RE: [asa] Doug Groothuis v. William Dembski

From: Dick Fischer <>
Date: Sat Jan 03 2009 - 20:15:07 EST

When I was invited to San Jose to speak I stayed at the home of a fellow
Christian who was gainfully employed in science, we had many fruitful
discussions during the three days I stayed at his home. Whereas I see
things in black and white, right or wrong, he saw things in terms of
probabilities. To me, YEC is wrong-headed and false, to him YEC has an
extremely low degree of probability. That's kind of what I see here. I
don't believe in a Spaghetti Monster at all. Someone else, who is ever
bit as sincere as I am, can believe a Spaghetti Monster as creator of
the universe is just unlikely. Where I equate the God who governs the
universe, the God of Abraham, Isaac, and Jacob with the one who created
the universe, I can understand someone else seeing a only a likelihood.
Dick Fischer, GPA president
Genesis Proclaimed Association
"Finding Harmony in Bible, Science and History"
Hi David,
Yes, it looks like we will have to disagree. Thanks for sharing your
Well, we'll just have to disagree I guess. I don't think "can't rule it
out" is in itself a valid criterion for demarcating a research program.
I don't think the involvement of a sentient, moral sub-creator in the
creation of life on earth is a reasonable or profitable alternative for
explaining any designedness in creation. And I don't think anything in
creation can be discussed in terms of "design," "beauty," etc. without
presupposing an analogia entis that falls under the analogia fidei.

David W. Opderbeck
Associate Professor of Law
Seton Hall University Law School
Gibbons Institute of Law, Science & Technology

Hi David,
"Mike, I'm having a hard time tracking your understanding of the limits
of research program."
Earlier you said, "If you're drawing an analogy between human artifacts
and biological features, you're suggesting that the biological feature
was designed by an entity that possesses some human-like attributes with
respect to its capacity to create designed things (e.g., orderliness,
patterns, logic, etc.)."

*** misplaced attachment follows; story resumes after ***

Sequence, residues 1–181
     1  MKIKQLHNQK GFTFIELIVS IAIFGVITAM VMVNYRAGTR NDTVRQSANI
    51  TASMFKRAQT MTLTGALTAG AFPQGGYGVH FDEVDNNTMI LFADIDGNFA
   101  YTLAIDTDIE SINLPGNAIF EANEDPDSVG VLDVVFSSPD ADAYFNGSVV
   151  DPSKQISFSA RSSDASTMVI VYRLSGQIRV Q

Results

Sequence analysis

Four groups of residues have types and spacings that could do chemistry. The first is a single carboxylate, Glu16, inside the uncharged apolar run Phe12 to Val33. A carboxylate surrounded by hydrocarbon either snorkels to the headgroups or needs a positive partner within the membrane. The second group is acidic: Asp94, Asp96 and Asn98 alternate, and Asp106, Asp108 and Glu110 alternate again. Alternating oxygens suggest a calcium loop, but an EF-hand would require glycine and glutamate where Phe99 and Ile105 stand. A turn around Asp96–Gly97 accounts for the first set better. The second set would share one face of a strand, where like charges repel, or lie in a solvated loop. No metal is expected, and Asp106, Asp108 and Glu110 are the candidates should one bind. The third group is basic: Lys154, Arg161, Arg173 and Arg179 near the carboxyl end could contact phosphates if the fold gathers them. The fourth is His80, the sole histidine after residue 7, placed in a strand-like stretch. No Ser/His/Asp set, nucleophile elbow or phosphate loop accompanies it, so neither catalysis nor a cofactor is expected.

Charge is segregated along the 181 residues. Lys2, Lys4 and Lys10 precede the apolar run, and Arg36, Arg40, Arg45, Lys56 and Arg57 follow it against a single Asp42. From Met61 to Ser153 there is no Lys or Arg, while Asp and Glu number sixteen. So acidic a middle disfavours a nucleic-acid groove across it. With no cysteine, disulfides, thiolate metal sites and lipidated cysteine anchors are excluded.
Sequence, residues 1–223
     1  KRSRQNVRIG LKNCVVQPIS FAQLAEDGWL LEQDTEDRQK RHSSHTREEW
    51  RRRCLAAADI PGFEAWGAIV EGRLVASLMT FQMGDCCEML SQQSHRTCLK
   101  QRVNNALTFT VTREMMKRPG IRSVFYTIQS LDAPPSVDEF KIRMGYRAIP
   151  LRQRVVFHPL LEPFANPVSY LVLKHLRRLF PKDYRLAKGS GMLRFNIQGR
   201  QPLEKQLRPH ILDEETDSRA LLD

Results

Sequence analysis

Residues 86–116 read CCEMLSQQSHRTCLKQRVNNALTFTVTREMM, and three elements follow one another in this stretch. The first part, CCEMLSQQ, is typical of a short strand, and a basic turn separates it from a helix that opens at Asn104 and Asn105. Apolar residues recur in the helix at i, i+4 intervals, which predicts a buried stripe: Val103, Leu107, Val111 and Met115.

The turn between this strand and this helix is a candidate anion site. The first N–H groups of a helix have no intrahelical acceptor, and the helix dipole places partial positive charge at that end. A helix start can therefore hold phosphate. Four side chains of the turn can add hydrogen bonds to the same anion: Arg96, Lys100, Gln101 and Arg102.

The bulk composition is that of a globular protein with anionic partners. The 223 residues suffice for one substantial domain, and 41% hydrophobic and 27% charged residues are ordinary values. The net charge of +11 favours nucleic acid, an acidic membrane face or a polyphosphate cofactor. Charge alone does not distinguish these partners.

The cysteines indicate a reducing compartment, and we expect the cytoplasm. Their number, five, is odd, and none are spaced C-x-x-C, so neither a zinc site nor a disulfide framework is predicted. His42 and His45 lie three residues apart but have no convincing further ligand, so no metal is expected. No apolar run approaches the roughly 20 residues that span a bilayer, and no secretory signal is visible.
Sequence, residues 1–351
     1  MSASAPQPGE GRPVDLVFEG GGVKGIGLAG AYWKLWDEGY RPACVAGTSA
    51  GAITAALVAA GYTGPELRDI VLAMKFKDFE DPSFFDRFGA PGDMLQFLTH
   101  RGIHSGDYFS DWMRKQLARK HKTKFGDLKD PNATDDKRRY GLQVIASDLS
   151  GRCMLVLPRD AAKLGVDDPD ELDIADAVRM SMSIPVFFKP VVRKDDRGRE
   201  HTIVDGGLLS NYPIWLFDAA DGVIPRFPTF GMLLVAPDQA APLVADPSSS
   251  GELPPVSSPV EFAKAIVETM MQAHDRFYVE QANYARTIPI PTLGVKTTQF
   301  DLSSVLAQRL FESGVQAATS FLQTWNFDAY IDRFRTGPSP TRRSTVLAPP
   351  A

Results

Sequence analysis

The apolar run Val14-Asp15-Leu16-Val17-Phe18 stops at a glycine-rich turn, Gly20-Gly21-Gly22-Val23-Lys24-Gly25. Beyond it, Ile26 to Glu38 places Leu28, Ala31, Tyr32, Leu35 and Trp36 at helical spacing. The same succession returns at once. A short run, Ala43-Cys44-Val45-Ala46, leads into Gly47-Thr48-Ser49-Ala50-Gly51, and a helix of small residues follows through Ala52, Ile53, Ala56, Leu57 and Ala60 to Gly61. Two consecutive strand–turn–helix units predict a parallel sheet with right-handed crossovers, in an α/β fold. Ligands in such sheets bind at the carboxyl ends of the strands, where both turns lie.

I then laid out the limits of the research program:
"Yes, and that is the end of the road for any ID-based investigation.
You cannot get any further than this if the investigation is built
around analogy."
Yet you think that I am under some ethical or rational obligation to go
further - to declare that the designer of life must be God. But as I
explained, "When I am told that as a Christian, I must admit that the
designer of life on earth must be God, the first question that pops to
my mind is, "How did we rule out ETI?" Unless we can scientifically,
philosophically, or theologically rule out this possibility, I do not
think it is intellectually honest to proclaim that the designer of life
of this planet must be God. " A "must be" claim is a very strong claim
that entails that I have ruled out other possibilities.
"Right, I can't be "sure" that directed panspermy isn't the cause of
life on this planet. I also can't be "sure" that life on this planet
wasn't caused by the evil Gnostic demiurge, or that my perception of the
universe isn't a mental delusion, or that human intelligence didn't
develop as depicted in the movie 2001: A Space Odyssey. But, this
doesn't mean I have to include all these possibilities in my research
program in order to retain intellectual honesty."
I don't agree. When you insist that I must declare the designer of life
must be God, you want me to adopt a position that has indeed ruled out
these possibilities when neither I, nor anyone else, has done that work.
As I said, I would love to fit in and adopt your position. I have no
burning desire to be perceived as someone who is "hiding the ball for
political reasons or have not thought through their position carefully
in theological terms." Who would? But to believe something simply to
sidestep negative perceptions and better fit in with some form of
mainstream thinking is not the way I want to go.
"As to the creeds and the possibility of God using a panspermatic alien
as a sub-creator, like I said a couple of times, IMHO this creates a big
agency problem."
But that doesn't rule it out.
"If the alien is sentient and able to make moral choices, it is possible
that the alien violated God's perfect will and created in a way that was
less than "good" as Gen. 1 declares, and then the door is open to a sort